Apologetics to the Glory of God

A New Year and New Mercy

Lamentations 3:16-26

He has made my teeth grind on gravel, and made me cower in ashes; my soul is bereft of peace; I have forgotten what happiness is;  so I say, “My endurance has perished; so has my hope from the Lord.” Remember my affliction and my wanderings, the wormwood and the gall! My soul continually remembers it and is bowed down within me. But this I call to mind, and therefore I have hope: The steadfast love of the Lord never ceases; his mercies never come to an end; they are new every morning; great is your faithfulness. “The Lord is my portion,” says my soul, “therefore I will hope in him.” The Lord is good to those who wait for him, to the soul who seeks him. It is good that one should wait quietly for the salvation of the Lord.

“[His mercies] are new every morning.” This could easily be expanded to “His mercies are new every year.” As we have arrived at another time of reflection, we find ourselves mulling over the failures and successes of the past year. We scramble our brains to enact our pipe-dream “New Year’s Resolutions” which, among other things, include not going back for seconds, perhaps reading more books, or accomplishing some goal we had actually been looking at for the last decade.

Christians have far more to consider, not only because we have a broader set of values within which we can set goals, but also because above all we seek to live coram Deo,  to live as though “before the face of God.” Our sanctification is a long road, mapped on an ever-increasing incline. And it will always feel long and steep. But as we’re traveling toward the destination of conformity to Christ’s image we become aware of a rather jarring paradox: it’s exactly those bumps in the road, those breakdowns, those embarrassing or otherwise injurious fishtails off into the ditch on the side, that bring us closer to our destination. Suffering becomes our sanctification.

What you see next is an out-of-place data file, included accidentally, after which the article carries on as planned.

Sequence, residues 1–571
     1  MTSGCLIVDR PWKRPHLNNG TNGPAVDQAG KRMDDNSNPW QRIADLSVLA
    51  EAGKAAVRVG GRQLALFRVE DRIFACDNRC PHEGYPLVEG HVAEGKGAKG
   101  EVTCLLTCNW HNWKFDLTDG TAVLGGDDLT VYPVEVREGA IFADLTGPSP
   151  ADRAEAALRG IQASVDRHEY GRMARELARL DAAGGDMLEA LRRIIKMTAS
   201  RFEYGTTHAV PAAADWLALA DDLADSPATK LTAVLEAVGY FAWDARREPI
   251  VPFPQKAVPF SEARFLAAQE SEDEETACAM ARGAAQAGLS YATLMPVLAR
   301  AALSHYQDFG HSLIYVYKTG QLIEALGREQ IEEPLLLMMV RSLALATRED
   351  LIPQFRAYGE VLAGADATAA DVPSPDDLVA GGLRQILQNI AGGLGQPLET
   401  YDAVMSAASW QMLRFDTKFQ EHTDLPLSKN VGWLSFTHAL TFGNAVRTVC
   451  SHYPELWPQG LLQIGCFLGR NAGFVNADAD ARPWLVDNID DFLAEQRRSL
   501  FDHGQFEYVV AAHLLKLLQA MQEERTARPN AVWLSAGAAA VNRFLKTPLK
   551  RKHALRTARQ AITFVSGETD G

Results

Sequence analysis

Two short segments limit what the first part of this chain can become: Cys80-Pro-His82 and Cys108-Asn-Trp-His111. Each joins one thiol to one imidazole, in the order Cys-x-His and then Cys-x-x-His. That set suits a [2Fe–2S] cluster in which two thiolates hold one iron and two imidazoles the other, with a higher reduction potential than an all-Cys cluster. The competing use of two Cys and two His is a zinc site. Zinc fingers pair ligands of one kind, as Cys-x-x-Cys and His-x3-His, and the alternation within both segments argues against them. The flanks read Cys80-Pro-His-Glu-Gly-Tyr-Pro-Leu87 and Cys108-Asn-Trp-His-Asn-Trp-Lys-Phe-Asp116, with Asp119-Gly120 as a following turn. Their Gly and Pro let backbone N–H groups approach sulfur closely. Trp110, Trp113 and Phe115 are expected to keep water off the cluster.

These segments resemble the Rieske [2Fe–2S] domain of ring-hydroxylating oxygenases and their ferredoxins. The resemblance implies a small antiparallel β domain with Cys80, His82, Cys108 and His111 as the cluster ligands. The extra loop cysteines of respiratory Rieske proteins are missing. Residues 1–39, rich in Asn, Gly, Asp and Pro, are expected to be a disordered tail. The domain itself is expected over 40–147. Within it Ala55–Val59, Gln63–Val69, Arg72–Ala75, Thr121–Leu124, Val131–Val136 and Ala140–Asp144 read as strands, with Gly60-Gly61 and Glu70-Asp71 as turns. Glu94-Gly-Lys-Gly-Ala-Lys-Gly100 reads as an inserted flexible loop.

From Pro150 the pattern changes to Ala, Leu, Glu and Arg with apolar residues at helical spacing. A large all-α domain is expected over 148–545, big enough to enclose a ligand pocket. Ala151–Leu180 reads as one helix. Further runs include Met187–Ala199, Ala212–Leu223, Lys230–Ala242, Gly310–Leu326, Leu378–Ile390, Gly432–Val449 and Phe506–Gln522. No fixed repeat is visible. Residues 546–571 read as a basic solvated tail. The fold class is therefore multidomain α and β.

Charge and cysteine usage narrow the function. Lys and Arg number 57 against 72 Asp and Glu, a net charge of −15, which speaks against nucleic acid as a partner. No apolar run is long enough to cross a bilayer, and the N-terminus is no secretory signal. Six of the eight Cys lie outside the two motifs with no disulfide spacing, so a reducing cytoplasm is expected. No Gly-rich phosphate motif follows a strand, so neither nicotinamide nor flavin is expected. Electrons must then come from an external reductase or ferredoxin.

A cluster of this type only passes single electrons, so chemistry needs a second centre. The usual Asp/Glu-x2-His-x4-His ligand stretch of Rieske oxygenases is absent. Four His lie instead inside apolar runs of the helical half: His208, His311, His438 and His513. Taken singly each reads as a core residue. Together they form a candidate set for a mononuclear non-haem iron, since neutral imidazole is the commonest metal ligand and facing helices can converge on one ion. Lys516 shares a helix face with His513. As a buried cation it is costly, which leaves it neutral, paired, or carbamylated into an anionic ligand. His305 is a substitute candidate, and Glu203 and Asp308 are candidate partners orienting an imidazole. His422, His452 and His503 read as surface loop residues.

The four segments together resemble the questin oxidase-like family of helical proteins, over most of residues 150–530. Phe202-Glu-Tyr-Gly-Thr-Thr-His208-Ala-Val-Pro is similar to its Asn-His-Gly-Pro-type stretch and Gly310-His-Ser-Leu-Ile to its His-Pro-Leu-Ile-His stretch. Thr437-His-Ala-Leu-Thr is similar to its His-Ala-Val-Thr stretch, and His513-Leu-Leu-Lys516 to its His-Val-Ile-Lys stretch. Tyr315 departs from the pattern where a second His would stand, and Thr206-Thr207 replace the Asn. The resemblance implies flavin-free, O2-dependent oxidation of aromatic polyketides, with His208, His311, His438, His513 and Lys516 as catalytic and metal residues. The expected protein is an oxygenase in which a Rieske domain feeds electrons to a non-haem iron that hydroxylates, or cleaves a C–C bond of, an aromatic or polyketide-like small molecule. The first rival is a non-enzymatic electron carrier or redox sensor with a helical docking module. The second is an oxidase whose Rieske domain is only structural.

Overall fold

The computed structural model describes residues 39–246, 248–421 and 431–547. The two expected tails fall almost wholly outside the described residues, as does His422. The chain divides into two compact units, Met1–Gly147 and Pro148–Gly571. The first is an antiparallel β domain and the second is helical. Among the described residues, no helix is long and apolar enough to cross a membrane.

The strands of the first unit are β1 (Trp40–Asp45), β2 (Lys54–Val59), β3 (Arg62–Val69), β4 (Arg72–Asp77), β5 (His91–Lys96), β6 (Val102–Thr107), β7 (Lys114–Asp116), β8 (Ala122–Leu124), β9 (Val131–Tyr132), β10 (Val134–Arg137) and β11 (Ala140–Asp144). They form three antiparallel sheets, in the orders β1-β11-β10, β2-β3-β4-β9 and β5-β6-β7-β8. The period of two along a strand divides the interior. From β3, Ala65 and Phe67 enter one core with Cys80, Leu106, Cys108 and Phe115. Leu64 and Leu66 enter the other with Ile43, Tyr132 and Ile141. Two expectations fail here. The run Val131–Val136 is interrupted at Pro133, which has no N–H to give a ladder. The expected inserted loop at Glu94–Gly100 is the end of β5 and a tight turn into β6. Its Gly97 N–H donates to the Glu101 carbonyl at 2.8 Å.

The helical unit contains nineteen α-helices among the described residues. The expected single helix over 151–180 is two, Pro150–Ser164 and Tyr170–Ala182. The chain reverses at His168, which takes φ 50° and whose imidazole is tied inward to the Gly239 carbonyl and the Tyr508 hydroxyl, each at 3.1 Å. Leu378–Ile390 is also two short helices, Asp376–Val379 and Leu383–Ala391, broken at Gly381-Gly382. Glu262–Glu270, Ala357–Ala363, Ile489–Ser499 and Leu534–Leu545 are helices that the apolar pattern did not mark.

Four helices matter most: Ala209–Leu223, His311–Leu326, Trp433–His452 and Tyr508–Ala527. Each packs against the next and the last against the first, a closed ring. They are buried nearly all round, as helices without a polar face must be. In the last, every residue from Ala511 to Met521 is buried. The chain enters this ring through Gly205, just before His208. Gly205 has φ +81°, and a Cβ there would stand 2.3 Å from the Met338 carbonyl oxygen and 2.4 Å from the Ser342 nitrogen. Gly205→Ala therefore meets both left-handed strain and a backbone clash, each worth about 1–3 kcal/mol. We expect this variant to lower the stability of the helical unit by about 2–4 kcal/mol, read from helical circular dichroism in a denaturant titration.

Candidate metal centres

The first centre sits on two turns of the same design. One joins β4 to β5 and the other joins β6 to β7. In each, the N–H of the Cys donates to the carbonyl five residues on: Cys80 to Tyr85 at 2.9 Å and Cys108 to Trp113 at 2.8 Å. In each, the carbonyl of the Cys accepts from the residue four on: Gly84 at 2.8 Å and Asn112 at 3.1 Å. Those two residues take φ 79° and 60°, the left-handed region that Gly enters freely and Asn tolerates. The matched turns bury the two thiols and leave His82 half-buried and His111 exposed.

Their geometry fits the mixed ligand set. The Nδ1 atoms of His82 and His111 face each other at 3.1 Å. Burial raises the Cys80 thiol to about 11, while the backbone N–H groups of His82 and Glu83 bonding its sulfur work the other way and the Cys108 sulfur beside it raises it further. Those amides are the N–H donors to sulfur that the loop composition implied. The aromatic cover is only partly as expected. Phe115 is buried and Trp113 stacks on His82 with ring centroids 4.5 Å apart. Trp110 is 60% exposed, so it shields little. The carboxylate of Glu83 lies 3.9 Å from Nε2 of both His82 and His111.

1 Peter 4:12-13  Beloved, do not be surprised at the fiery trial when it comes upon you to test you, as though something strange were happening to you. But rejoice insofar as you share Christ’s sufferings, that you may also rejoice and be glad when his glory is revealed.

And so, in light of all the ways we watched ourselves fail last year, how shall we proceed?

1)  Stop separating ourselves from our failures, and instead own them. Only then can we

2) anticipate failure, and preempt it with diligence.

3) Study the Word, and

4) pray to God that He would reveal your sins to you, and name them; then create  habits of fighting them and seek out personal accountability.

The mercy and grace of God are infinite, as God is infinite. They never deplete. The reason they are called “new” is that they are always there, as powerful and glorious and effective as ever. The reason they’re new “every morning” is that God is timeless. He never sleeps, never suffers from lack of sleep as we do (though he is able to sympathize, since Christ did), and thus He can hold us up while we stumble out of bed, even as we curse the morning for arriving far too soon. It is Christ and his blood that has paid for our cursing, our sinning, our laziness, our arrogance, our faithlessness; and it is Christ who ever lives to intercede on our behalf to God. We must therefore force the circumstances of our lives into perspective, and seek to enlarge our worldview-lens to as wide as the Bible is deep, which means we must become saturated in it so that its truth becomes ours.

By the grace of God Choosing Hats will continue to educate Christians on magnifying and defending the Christian faith. By the grace of God we will never become a mere brand but will instead serve as a signpost pointing to God’s glory.






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